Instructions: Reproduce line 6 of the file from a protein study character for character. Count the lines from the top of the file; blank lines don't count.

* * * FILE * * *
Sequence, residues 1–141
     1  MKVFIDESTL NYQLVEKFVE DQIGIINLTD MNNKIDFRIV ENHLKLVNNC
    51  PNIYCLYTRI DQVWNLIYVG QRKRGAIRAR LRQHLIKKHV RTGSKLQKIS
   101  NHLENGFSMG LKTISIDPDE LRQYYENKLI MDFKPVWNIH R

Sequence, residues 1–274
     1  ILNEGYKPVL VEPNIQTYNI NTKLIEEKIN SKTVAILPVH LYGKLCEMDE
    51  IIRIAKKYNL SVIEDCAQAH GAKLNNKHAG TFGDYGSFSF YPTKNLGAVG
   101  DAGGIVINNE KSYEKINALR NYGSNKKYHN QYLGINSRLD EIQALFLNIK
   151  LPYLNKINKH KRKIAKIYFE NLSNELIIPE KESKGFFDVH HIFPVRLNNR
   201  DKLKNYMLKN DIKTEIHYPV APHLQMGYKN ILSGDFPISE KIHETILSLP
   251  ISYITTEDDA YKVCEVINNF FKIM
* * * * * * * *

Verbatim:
     1  ILNEGYKPVL VEPNIQTYNI NTKLIEEKIN SKTVAILPVH LYGKLCEMDE